One driver's license.

- One passport.

- Expired.

One watch, platinum.

One set of keys, and that's it.

Corey...

Your photos.

The telephone, please.

Police here.

Get me the gendarmerie.

- Have a map of the area?

- Behind you.

- Where are we?

- In Mersault-L'Hpital.

- This road?

- D23.

This is Inspector Mattei,

Criminal Investigations, Paris.

The prisoner I was escorting

got away.

Right, set up roadblocks

on all roads between...

Arnay-le-Duc,

Nuits-St-Georges, Beaune,

Chalon-sur-Sane,

Le Creusot, Autun.

I'm at the level crossing

at Mersault.

Right, on the D23.

Then tell your captain to come down.

I'll explain.

One other thing...

Ask the Prefect to put

the Rex Plan into effect,

and use dogs for the dragnet.

I'll wait here...

And make it snappy.

What do I do?

There are other trains running.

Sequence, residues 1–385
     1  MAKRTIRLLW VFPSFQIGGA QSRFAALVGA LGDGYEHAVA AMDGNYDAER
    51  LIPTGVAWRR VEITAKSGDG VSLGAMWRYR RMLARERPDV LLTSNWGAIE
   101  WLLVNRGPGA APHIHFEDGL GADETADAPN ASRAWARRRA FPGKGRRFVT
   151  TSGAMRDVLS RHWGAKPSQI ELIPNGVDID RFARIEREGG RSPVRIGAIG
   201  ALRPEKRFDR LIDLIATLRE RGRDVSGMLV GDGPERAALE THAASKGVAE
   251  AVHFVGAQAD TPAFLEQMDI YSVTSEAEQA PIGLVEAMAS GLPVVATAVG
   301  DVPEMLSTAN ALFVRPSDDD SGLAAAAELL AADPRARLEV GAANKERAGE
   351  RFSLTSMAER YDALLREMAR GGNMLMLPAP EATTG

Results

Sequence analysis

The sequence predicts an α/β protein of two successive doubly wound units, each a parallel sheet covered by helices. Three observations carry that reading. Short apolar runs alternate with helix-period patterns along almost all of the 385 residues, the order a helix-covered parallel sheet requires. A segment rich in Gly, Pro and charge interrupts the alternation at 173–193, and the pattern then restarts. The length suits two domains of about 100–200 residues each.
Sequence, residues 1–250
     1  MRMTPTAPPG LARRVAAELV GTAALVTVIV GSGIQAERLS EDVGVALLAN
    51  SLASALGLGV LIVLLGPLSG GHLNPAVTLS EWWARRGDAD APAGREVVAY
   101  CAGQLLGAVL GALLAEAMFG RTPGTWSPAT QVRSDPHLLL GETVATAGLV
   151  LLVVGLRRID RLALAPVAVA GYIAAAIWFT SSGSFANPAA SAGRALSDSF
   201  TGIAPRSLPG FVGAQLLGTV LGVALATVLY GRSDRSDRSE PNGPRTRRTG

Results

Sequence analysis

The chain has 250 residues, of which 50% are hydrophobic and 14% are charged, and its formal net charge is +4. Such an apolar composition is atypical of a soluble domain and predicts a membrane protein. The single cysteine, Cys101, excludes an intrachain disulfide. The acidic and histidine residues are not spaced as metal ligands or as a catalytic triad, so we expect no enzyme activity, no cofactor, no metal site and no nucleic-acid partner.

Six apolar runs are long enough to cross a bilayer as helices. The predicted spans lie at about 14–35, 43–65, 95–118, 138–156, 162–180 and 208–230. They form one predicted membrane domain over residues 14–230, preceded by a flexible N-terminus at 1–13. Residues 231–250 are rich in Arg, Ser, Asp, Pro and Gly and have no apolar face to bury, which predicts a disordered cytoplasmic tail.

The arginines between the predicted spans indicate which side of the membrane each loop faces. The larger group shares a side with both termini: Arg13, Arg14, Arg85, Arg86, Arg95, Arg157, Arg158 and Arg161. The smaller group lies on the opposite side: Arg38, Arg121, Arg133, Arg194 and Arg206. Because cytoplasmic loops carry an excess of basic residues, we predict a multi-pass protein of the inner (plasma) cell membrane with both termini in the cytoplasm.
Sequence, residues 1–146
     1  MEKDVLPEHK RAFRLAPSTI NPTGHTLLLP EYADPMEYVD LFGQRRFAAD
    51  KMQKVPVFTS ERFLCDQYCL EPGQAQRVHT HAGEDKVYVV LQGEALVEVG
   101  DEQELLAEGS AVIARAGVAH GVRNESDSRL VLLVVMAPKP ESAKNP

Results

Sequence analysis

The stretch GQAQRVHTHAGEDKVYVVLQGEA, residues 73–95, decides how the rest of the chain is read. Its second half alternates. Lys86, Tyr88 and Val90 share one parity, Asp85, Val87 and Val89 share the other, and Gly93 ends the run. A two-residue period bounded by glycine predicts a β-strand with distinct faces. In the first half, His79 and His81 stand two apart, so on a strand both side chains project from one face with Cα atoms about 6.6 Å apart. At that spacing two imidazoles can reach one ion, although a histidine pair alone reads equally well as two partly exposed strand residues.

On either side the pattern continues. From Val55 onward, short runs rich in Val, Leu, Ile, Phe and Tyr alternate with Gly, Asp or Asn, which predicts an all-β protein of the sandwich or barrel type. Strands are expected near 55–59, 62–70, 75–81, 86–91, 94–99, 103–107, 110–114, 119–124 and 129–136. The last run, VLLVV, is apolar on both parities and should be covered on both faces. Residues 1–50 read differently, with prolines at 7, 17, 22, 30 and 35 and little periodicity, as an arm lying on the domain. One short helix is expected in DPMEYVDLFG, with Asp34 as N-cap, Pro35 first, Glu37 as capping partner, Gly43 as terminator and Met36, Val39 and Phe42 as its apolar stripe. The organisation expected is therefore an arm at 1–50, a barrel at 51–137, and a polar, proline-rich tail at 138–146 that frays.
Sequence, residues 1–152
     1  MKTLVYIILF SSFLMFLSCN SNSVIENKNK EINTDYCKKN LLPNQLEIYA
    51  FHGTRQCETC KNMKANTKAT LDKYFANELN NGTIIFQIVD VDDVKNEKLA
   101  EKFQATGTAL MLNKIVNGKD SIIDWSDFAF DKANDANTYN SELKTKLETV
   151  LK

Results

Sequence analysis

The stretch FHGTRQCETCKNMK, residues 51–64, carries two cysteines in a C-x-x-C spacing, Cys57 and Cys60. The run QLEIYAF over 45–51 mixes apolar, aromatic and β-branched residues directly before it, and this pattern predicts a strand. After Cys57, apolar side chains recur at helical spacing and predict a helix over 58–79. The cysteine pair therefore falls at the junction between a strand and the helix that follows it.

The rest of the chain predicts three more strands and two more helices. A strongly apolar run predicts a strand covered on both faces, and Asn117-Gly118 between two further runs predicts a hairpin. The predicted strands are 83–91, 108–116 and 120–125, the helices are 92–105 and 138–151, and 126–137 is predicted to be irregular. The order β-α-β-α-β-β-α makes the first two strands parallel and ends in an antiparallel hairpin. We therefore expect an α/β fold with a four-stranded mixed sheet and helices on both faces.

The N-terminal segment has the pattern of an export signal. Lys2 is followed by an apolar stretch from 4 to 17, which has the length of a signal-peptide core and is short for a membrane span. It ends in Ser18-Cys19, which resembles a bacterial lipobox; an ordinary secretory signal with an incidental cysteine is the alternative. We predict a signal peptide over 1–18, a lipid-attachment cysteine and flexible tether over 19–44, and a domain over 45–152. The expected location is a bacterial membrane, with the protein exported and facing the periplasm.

Bring me my coat and jacket,

the handcuffs and the two hats,

and get the train moving.

If anyone had told me

you'd be my wake-up call...

I was released early.

For good behavior.

Just a little poker game.

So I see.

If I haven't been in touch

for the past four years...

- Five.

- Sorry, five...

it's because during

the investigation and trial,

you didn't mention my name.

So I figured it was better,

for you and for me...

You don't say.

Don't believe me?

Now that you're out,

you can count on me.

It's 7:
30. The banks open at 9.

- I'll write you a check.

- No checks!

Loan me a few thousand.

I'll pay you back.

You're nuts. Wait till 9.

Let me give you something sizeable.

I owe you.